A Point of Pride: Interview with Edwin Brightwater
Edwin Brightwater lives in Taiwan. He was born in New Zealand in the 1970s and educated mostly in Australia. His native language is English. He is also fluent in Chinese, having learned the language in his late twenties.
Edwin Brightwater writes horror and suspense fiction that incorporates the unreal—gothic, dark urban fantasy, the paranormal and the magical, thrilling stories of things bizarre, grotesque, or utterly impossible.
His favorite authors are Virginia Woolf and Jane Austen and his oldest inspiration is “Doctor Who.” His preferred pastime is reading. His pseudonymous pen name, Edwin Brightwater, reflects his ancestry in the South Island of New Zealand.
Before writing fiction, he worked as a commercial lawyer in Australia, Hong Kong, and Singapore. He has also worked as a fruit picker, private tutor, charity collector, worm farm laborer, and English teacher.
What inspired you to start writing?
I was frustrated by the lazy storytelling we encounter these days, whether movie-of-the-week horror on Netflix or a top-selling novel from someone like Stephen King. Too many horror and suspense stories seem to fail in the third act. You might find an interesting premise and effective development in the first two acts, but then it all crumbles into nonsense at the end. This is why I’m an adamant plotter. Horror works best if you’ve already planned out your ending from the beginning.
What was it about the horror genre that drew you to it?
Horror lets the writer tell an interesting story—something that grabs the reader and keeps her entertained—while simultaneously exploring deeper themes. Shirley Jackson’s “The Lottery” is the exemplar of this: thrilling, awful, mind-bending. You never stop thinking about it.
Do you make a conscious effort to include LGBTQ material in your writing and if so, what do you want to portray?
The only thing a writer should consciously try to do is tell a good story. If LGBTQ material has a place in that, then so be it! My life experiences as a gay male mean that certain LGBTQ-related themes may crop up in my stories—though not inevitably.
My first story, “To Kill A Demon,” directly addresses the awful power of internalized homophobia. However, my second story, “A Vote For Death,” concerns the perils of political populism. It doesn’t touch on issues of sexuality or gender.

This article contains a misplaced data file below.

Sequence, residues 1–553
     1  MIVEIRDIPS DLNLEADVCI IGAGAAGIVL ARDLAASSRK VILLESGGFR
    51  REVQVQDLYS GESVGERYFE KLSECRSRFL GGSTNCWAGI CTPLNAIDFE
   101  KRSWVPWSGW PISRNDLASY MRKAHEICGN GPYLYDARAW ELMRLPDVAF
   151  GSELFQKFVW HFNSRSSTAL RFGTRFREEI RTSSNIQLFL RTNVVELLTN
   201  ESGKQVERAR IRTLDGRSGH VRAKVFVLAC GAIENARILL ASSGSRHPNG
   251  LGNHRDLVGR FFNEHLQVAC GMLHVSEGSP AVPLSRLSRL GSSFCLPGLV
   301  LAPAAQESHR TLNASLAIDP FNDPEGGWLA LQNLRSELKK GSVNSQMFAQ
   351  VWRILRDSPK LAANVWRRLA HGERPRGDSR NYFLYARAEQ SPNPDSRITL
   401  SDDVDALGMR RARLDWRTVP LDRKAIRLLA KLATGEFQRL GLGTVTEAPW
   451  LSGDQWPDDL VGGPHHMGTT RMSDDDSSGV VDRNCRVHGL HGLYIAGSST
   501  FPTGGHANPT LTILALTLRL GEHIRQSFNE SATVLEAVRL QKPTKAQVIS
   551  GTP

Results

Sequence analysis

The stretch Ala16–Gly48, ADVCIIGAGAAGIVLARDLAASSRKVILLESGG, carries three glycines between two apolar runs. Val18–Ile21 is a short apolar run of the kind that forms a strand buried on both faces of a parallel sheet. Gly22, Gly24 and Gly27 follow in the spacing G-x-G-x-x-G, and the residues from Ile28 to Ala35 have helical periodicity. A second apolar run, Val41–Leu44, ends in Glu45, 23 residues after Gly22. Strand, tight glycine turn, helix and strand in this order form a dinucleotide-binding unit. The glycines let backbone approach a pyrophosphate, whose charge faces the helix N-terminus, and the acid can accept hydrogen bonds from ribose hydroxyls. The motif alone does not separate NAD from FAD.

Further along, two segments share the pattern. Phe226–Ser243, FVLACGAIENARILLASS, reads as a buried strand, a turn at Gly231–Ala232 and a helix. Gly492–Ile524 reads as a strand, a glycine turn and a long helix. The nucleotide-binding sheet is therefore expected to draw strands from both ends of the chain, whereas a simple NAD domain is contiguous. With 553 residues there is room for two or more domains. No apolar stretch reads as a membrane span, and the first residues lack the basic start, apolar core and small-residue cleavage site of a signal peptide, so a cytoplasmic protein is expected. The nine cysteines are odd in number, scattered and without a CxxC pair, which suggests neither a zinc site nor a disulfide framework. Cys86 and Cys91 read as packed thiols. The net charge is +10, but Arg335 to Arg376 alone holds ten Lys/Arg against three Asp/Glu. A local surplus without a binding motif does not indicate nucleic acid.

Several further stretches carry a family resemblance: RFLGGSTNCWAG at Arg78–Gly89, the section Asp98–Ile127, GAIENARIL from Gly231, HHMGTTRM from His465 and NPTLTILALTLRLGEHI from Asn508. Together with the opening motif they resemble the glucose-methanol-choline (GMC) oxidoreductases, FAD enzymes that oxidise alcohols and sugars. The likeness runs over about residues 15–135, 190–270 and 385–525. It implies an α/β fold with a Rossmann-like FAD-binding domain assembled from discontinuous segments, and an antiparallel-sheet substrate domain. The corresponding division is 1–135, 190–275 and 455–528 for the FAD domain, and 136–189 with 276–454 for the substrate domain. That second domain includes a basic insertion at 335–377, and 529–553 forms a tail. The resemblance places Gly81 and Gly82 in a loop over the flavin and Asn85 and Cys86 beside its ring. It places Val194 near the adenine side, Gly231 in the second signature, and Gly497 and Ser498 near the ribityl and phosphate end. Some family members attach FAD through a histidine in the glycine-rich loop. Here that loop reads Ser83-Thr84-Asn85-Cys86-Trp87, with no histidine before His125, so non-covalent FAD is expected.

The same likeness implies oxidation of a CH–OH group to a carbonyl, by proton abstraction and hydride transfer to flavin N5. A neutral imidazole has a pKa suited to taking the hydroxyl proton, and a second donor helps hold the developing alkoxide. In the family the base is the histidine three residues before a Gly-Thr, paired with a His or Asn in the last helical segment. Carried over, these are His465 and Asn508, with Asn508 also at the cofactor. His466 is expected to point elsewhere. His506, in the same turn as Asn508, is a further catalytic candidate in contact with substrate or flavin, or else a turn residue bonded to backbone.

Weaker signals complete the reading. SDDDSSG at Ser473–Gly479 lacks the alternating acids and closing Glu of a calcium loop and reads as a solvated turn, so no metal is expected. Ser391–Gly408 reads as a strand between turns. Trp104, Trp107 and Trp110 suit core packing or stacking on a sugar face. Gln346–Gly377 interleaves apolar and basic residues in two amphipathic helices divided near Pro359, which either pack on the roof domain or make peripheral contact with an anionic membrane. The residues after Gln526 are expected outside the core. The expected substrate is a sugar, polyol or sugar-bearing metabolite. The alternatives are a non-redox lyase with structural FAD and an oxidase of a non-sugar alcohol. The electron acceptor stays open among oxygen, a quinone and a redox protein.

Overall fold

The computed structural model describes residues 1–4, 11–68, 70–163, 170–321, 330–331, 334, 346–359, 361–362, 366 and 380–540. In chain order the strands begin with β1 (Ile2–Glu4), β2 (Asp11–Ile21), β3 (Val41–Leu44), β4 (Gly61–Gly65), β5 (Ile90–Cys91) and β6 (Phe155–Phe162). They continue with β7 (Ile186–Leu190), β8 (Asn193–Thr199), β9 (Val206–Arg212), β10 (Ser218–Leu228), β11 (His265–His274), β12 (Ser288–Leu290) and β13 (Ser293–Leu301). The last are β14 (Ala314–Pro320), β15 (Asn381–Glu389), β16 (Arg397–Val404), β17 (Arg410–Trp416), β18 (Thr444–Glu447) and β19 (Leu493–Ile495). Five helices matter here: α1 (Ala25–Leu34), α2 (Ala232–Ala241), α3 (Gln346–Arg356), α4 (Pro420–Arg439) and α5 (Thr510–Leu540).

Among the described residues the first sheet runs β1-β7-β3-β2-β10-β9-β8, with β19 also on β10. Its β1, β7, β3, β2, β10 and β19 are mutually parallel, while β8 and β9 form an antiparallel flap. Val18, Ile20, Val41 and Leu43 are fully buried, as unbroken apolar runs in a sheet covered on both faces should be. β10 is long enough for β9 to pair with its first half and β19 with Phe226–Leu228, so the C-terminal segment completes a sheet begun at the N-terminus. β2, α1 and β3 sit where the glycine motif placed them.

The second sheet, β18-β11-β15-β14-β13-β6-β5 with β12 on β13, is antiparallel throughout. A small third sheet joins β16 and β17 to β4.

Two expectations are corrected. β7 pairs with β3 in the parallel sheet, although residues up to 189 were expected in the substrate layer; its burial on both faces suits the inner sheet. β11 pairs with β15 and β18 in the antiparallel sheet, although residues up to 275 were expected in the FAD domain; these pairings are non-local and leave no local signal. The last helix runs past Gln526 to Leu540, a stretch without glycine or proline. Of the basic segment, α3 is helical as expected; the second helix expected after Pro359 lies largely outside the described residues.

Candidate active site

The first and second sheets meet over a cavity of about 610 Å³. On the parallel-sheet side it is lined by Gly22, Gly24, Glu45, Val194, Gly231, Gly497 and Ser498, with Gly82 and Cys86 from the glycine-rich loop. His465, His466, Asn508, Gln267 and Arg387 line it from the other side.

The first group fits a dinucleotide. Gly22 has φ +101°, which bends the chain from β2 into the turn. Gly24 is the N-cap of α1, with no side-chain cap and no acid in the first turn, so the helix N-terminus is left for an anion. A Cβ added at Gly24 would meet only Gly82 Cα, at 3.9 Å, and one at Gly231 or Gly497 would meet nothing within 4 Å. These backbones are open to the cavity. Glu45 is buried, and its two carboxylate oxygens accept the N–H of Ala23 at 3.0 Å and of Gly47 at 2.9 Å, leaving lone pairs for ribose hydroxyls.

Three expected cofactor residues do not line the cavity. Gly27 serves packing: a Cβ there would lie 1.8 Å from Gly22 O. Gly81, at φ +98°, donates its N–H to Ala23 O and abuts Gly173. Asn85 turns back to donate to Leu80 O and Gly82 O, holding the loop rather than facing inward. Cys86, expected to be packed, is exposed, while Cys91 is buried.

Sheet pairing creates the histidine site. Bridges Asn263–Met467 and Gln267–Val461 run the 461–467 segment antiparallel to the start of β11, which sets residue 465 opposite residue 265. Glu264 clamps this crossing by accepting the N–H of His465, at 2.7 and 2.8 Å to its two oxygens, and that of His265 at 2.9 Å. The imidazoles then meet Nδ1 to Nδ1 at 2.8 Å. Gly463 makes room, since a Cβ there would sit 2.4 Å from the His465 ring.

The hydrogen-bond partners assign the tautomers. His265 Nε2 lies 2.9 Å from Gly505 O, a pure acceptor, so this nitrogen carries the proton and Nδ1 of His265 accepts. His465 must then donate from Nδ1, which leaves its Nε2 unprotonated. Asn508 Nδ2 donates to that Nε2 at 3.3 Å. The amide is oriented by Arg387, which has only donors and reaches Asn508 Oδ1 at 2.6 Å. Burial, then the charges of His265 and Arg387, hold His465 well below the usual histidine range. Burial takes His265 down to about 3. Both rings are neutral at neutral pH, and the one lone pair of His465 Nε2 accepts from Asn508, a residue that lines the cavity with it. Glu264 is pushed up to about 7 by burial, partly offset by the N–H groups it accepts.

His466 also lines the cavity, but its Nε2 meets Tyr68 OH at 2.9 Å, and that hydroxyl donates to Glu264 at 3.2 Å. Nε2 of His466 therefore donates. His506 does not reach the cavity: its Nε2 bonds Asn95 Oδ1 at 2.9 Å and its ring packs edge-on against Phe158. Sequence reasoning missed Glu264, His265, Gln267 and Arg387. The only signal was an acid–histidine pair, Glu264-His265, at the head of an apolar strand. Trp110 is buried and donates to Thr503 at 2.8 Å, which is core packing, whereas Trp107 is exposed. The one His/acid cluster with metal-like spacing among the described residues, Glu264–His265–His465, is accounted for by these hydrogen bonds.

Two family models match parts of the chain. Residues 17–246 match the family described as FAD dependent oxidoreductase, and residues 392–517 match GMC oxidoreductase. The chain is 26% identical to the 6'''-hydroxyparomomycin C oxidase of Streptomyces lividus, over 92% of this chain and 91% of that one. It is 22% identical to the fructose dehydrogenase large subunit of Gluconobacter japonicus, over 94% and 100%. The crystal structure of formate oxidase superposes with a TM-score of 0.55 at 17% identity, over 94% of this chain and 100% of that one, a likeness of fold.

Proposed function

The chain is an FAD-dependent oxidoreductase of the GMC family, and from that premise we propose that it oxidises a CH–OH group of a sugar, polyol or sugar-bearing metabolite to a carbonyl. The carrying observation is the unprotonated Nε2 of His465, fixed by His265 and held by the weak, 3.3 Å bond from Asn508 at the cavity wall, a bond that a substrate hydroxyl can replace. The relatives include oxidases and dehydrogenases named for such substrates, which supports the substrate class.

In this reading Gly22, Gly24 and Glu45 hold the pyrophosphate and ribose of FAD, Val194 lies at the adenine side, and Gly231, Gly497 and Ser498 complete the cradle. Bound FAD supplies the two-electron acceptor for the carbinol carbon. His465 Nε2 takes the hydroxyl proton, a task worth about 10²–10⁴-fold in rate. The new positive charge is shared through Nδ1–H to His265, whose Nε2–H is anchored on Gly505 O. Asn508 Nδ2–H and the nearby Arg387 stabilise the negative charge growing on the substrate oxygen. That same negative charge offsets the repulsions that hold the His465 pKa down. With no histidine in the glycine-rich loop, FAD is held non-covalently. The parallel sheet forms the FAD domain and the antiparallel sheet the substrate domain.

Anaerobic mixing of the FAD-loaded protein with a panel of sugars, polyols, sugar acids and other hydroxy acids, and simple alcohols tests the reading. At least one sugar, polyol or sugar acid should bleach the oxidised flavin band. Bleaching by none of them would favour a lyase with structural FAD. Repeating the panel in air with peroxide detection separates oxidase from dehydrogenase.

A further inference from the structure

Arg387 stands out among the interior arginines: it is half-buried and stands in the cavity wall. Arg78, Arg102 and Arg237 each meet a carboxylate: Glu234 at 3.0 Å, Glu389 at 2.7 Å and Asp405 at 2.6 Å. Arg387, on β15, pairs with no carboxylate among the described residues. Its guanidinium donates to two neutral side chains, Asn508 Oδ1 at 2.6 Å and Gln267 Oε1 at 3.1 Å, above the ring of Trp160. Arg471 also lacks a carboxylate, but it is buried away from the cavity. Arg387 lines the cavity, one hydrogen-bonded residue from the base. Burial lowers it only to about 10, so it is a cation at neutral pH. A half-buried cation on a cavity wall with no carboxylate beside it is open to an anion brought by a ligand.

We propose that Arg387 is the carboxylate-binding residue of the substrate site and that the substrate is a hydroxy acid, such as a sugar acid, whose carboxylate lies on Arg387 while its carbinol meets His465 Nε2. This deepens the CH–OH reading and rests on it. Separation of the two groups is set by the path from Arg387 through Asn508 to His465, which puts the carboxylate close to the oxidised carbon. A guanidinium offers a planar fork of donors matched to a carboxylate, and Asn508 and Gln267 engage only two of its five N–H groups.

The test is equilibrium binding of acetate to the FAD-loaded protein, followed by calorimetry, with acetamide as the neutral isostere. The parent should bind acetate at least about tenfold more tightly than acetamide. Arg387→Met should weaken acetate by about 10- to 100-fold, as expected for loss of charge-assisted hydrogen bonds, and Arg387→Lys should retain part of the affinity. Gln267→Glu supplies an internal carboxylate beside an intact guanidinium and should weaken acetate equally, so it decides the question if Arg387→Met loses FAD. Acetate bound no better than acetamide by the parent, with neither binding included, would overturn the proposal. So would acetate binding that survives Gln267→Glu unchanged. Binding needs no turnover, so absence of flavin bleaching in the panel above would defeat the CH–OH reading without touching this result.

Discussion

Both stories were developed from the starting point of character and setting, not theme. I imagined certain characters, dropped them into a literary crucible, and narrated the drama and conflict that ensued. The thematic issues each raised were very much secondary. And although it turned out that “To Kill A Demon” would address LGBTQ questions, I certainly didn’t set out to write a horror novel on LGBTQ themes.
What has writing horror taught you about the world and yourself?
Since I started writing fiction, I’ve become much more observant, especially of other people. I’m always looking for tells and tics that, if you set them down in writing, would instantly denote the essence of someone’s character.
How have you seen the horror genre change over the years? And how do you think it will continue to evolve?
I was born in the late 70s, and the biggest change is the way women are portrayed. When I was a kid, female characters tended to be written as screaming twits who perpetually hid behind their men. Completely unrealistic—and very unsatisfying to watch!
Then, starting in the 80s with characters like Sigourney Weaver’s Lt. Ripley in the Alien movies, things began to change. Now strong female leads in horror are not only common but very popular. Characters like Eleven in Stranger Things or Carol Peletier from The Walking Dead are true fan favorites.
How do you feel the LGBTQ community has been represented thus far in the genre and what hopes do you have for representation in the genre going forward?
I’m glad we’re seeing less of the “bury your gays” trope, which seemed to require a dismal ending for just about every LGBTQ character. I hope, though, that this doesn’t get replaced with a box-ticking kind of representation, where a character is portrayed as LGBTQ because the writer feels she has to satisfy some sort of implicit diversity quota. Contrivances like this don’t do anyone—let alone the LGBTQ community—any favors.
Who are some of your favorite LGBTQ characters in horror?
My all-time choice is Clarice Starling from the film version of The Silence Of The Lambs. Probably because the role is so closely identified with Jodie Foster, I’ve always thought of Clarice Starling as lesbian. And she’s definitely my favorite heroine in the entire horror genre!
Who are some LGBTQ horror authors you recommend our audience check out?
Patricia Highsmith! She had such an uncanny talent for turning the mundane into the macabre.
What is one piece of advice you would give horror authors today?
Keep writing! If you draft just a few sentences every day, you’ll have a finished story sooner than you think.
And to the LGBTQ writers out there who are just getting started, what advice would you give them?
Tell the story that you want to tell. Don’t worry about what’s in vogue. Don’t try to write to market. Just tell your story.